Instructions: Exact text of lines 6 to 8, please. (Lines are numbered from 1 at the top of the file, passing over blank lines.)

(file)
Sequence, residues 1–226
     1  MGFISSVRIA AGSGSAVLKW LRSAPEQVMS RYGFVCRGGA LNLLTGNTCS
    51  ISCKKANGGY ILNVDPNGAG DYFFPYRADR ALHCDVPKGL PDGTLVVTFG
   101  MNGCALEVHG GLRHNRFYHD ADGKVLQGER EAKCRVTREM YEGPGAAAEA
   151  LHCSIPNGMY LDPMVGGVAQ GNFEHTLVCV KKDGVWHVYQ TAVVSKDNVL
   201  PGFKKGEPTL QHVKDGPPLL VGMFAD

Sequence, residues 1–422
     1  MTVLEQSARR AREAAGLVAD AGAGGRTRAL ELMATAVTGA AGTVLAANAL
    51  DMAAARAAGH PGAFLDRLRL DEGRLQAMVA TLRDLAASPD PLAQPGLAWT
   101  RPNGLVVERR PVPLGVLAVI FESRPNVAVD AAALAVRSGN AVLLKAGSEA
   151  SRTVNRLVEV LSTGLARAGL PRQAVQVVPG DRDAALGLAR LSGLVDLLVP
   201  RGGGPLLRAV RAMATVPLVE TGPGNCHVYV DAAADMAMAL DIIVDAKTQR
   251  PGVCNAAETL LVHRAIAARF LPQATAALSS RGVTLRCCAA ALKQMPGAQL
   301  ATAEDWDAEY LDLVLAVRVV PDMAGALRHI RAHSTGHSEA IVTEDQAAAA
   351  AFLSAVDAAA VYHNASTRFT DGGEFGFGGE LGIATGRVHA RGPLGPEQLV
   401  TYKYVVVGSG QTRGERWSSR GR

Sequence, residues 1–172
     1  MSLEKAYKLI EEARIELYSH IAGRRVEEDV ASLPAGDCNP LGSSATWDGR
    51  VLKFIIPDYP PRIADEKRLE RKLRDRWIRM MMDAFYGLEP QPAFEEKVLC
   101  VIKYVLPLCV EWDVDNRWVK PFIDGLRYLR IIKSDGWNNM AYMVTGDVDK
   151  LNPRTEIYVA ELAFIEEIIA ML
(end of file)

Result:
   201  PGFKKGEPTL QHVKDGPPLL VGMFAD

Sequence, residues 1–422
     1  MTVLEQSARR AREAAGLVAD AGAGGRTRAL ELMATAVTGA AGTVLAANAL